So the gift Allah blessed the Arabs with is being shunned outright (to make sure my point goes across right, I’m referring to the last Prophet not Islam). They’re turning against their own past and heritage, and yet they wonder at why the world turns against them and fails to understand them. The entire issue is too complex to go into, but I think you understand what it is I’m saying 🙂
    These are sad, sad times we’re coming to. I hate to think what the Prophet would say seeing his Ummah today 😦


  11. Salaam Alaikum,

    Souvenirs and Scars – I think it doesn’t help that Basil is always portrayed wearing a big pair of aviators, very gangster!

    I figured that problems like substance abuse do exist in Syria, they are just more under the radar then in the U.K. I would be very interested in seeing some statistics, but I imagine they’d be pretty hard to get hold of.

  12. I actually come from Syria but live in the UK, I travel there frequently and I have actually been able to make the same comparission. People here in the UK, the poor ones in most cases resort to crime and violence with family relations breaking down. However, the poor people in syria try to enjoy life and use families as a way of support, things such as lying and cheating are looked down on whereas gangsters here are looked up to.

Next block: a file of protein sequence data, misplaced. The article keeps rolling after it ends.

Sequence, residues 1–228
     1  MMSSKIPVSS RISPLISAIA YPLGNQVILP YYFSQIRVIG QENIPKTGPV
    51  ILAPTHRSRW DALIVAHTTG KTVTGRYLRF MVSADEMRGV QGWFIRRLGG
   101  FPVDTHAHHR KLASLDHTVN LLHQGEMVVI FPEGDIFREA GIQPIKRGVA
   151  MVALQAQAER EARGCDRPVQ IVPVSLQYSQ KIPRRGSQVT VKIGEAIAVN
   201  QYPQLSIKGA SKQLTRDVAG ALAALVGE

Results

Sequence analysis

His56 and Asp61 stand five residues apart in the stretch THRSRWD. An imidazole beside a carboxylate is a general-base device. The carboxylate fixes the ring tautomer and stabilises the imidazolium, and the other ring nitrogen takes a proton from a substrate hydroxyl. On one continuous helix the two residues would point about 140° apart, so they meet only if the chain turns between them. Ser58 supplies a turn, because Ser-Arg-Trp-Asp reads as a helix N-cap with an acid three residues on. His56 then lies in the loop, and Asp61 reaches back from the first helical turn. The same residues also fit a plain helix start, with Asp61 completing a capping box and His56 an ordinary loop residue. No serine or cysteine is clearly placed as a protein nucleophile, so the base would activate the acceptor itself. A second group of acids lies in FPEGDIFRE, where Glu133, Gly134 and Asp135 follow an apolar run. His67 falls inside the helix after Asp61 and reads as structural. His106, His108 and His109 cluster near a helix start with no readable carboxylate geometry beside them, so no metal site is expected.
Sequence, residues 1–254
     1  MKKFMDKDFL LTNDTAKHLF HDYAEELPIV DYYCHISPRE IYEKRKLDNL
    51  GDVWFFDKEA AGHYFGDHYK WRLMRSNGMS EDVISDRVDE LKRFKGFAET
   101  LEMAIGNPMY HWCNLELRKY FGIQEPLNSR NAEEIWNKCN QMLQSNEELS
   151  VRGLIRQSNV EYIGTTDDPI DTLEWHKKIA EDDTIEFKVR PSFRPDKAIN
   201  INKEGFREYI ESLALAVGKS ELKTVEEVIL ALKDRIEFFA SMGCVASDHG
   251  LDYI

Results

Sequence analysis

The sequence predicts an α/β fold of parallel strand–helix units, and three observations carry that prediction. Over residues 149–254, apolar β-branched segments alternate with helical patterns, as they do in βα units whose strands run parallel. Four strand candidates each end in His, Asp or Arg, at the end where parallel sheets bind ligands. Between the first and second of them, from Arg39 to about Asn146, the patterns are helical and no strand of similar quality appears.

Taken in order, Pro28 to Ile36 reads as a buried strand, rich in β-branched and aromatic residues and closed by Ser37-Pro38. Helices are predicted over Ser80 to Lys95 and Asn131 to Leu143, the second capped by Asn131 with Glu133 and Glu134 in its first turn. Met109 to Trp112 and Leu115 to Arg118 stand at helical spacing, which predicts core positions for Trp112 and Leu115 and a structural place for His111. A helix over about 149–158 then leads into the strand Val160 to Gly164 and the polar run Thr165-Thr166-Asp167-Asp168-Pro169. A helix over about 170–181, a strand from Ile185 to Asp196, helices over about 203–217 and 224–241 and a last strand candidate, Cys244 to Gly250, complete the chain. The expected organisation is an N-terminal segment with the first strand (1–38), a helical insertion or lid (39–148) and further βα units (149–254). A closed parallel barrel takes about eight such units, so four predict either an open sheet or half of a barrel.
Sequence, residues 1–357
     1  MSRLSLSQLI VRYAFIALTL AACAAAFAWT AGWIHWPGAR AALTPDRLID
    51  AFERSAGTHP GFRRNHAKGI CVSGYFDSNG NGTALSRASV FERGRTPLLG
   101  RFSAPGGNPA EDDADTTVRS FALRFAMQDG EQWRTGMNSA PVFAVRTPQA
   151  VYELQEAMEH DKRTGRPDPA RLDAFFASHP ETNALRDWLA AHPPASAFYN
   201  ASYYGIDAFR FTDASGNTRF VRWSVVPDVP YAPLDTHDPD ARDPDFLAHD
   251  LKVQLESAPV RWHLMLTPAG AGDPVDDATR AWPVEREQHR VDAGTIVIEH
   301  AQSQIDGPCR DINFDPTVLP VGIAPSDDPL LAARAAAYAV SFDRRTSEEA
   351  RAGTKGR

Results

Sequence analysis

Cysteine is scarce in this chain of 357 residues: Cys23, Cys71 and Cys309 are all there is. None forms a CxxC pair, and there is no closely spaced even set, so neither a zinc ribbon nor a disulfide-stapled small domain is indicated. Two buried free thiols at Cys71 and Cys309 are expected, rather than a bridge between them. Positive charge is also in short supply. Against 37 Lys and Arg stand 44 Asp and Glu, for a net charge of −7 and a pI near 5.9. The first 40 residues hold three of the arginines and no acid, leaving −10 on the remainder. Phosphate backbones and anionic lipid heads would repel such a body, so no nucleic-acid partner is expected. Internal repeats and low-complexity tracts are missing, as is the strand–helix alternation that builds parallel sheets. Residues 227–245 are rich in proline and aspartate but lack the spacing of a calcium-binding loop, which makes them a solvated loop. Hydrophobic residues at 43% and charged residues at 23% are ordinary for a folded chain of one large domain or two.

I agree with you that Islam is a great religion with fantastic and extremley moral preachings but is very badly practised by many people and is portrayed to the outside world through an evil and vicious light.
    The thing stopping syria from improving is the corruption of the government and not the people. Bashar al-assad’s pictures are seen so many times because people will get promoted in their jobs if they respect the government, and in most cases not out of love. He has not been elected he inherited presidency after the death of his father although he was a medical doctor. When a president is not ellected and there is only one party up for election then the improvment of their contry’s welfare is not of primary importance as they know that they own their presidency spot untill their death when their child will take over.
    I love syria and the people there it is a friendly and loving country and will reccomend it to anyone thinking of a holiday. Only problem is the internal government corruption.